Limerick-born artist Michael Duhan presents a permanent reminder through his Dockers Monument. The monument which rests on Bishops Quay amazingly depicts the hard work of dockworkers from Limerick’s past. The inspiration for the monument came from Duhan’s father who was a docker that worked on ships. The memorial now rests as the perfect reminder to Limerick locals of the hard work put down in the past by those who came before them.
What would a walk along the Shannon be without a glimpse of St Michael’s Rowing Club in action? The club which has been active since 1901 almost always has active members in practice out on the Shannon, which is a delightful sight for many. Limerick locals have become so accustomed to seeing members of St Michaels Club that they have almost become part of the natural landscape on the Three Bridges Walk.
Here are some excellent pubs and cafes en route for those in need of refreshment:
The Curragower Bar, located right in the heart of Limerick’s Medieval Quarter along Clancy Strand creates a charming timeless setting for its customers. Although it may have a classical interior, the Curragower certainly provides customers with an always up to date range of food and beverages.
Jack Mondays Coffee House is a true Limerick classic. With its iconic outer decoration of two life-size soldiers guarding the building. With its eye-popping exterior, this place is sure to attract a customer or two and trust us what comes from Jack Monday’s tastes just as good as it looks on the outside.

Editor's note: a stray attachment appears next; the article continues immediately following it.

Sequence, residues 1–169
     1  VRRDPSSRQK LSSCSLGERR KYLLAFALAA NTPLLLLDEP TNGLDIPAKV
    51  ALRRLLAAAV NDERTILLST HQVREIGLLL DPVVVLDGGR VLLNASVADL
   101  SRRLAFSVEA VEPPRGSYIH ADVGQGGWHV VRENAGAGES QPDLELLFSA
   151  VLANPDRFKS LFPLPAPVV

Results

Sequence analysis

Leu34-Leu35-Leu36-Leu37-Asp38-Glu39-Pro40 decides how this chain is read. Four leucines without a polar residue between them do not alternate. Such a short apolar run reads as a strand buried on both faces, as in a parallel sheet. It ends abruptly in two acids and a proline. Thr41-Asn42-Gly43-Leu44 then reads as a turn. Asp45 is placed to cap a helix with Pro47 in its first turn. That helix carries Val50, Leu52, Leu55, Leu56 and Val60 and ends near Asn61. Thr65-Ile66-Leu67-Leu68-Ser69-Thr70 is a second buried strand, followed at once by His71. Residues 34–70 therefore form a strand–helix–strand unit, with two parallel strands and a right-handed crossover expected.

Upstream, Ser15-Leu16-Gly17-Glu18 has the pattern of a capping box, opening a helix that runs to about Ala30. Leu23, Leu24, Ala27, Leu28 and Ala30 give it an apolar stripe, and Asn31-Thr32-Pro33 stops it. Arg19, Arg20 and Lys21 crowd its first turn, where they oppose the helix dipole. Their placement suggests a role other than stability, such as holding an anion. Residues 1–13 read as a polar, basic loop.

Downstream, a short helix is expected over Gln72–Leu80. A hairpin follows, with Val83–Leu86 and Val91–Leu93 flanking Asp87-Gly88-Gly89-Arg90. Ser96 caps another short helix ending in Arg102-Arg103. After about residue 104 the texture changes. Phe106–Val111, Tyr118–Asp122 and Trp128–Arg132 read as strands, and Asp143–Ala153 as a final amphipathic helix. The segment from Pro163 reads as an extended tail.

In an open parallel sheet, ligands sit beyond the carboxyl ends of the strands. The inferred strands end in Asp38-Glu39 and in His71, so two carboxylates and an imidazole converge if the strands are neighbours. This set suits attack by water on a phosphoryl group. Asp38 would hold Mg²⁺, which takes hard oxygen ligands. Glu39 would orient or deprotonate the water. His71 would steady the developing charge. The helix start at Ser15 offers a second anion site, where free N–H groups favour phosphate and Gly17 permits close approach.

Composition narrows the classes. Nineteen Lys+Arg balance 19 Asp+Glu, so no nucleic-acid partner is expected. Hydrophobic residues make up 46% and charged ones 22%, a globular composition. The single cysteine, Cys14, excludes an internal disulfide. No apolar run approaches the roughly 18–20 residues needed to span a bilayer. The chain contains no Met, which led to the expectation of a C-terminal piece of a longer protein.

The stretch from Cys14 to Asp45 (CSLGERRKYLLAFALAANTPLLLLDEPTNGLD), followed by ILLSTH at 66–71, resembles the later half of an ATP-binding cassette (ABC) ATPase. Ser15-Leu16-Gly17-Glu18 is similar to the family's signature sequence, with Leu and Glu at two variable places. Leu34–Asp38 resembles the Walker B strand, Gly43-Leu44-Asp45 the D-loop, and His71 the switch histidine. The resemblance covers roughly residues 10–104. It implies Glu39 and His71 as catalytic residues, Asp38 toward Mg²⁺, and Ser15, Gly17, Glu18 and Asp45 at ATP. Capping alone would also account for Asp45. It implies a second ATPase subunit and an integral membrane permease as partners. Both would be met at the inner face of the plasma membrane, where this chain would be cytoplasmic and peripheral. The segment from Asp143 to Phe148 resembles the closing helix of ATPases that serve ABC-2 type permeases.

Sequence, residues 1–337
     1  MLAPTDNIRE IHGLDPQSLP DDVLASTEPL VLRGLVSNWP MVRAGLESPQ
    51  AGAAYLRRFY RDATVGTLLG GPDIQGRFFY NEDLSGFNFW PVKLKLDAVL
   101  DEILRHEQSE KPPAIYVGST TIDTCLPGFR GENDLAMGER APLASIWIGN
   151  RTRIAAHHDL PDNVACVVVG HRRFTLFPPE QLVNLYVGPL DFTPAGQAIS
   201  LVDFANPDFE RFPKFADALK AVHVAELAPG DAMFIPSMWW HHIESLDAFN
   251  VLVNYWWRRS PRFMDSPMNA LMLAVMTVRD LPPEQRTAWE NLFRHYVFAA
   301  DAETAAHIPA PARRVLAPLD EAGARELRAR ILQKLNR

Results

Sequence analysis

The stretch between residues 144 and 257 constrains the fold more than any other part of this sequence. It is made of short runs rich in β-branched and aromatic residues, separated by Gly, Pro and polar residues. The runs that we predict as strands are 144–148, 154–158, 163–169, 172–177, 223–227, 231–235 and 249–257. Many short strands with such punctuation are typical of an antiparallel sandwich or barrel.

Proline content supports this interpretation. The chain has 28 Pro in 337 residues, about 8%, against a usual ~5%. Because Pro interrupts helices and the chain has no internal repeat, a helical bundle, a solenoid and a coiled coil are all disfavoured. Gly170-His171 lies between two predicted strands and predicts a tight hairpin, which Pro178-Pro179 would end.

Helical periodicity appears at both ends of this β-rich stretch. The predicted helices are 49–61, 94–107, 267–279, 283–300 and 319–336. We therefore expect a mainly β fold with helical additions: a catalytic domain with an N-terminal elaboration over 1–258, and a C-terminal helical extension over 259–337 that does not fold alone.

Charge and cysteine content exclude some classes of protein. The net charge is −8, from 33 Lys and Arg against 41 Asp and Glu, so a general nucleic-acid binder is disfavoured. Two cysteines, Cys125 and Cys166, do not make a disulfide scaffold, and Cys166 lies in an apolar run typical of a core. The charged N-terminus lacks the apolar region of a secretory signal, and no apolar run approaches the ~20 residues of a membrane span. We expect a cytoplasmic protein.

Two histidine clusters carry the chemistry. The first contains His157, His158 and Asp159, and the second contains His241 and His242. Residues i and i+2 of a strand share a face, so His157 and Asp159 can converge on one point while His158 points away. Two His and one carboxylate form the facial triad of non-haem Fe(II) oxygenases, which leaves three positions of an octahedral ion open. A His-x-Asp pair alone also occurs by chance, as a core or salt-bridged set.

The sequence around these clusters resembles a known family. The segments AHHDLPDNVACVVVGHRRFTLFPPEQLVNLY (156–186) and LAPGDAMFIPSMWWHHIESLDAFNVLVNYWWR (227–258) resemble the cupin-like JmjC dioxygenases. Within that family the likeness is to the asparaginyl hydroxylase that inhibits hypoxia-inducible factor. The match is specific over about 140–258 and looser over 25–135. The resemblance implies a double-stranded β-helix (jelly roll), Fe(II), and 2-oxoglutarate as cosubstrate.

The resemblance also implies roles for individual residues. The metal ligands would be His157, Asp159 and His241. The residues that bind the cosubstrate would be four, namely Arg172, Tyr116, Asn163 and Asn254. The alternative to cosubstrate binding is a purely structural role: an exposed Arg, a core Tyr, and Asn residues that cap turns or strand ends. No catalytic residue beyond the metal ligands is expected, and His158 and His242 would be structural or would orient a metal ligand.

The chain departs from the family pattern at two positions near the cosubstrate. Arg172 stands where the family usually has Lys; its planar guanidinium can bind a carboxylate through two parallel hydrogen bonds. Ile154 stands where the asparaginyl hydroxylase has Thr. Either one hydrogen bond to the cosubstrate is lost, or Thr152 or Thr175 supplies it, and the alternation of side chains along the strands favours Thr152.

Bakehouse 22, previously known as Tracey’s Bakery, is a Limerick local favourite. The business which has been run by the Tracey Family for over 50 years provides customers with food and beverages which are made with passion. Located on Nicholas Street, Bakehouse 22 serves as the ideal spot for a coffee break, after all, everyone deserves to treat themselves after some exercise.
House Limerick, once well known as a place to get your boogie shoes on a Saturday in its Nightclub before the world turned upside down, serves amazing food and more importantly for walkers, amazing coffee! The building located at Howley’s Quay is the perfect pitstop for walkers with an impressive range of hot and cold drinks, smoothies and sweet treats. Open currently Wednesday to Sunday.
Abbey River Coffee
Abbey River Coffee is known for its, well the name is in the title, coffee. It is not just any coffee stop, however! With its gorgeous stone walls and being located just by the Shannon, along with a sensational cup of coffee, Abbey River Coffee serves as the perfect Instagram worthy spot for social media fanatics.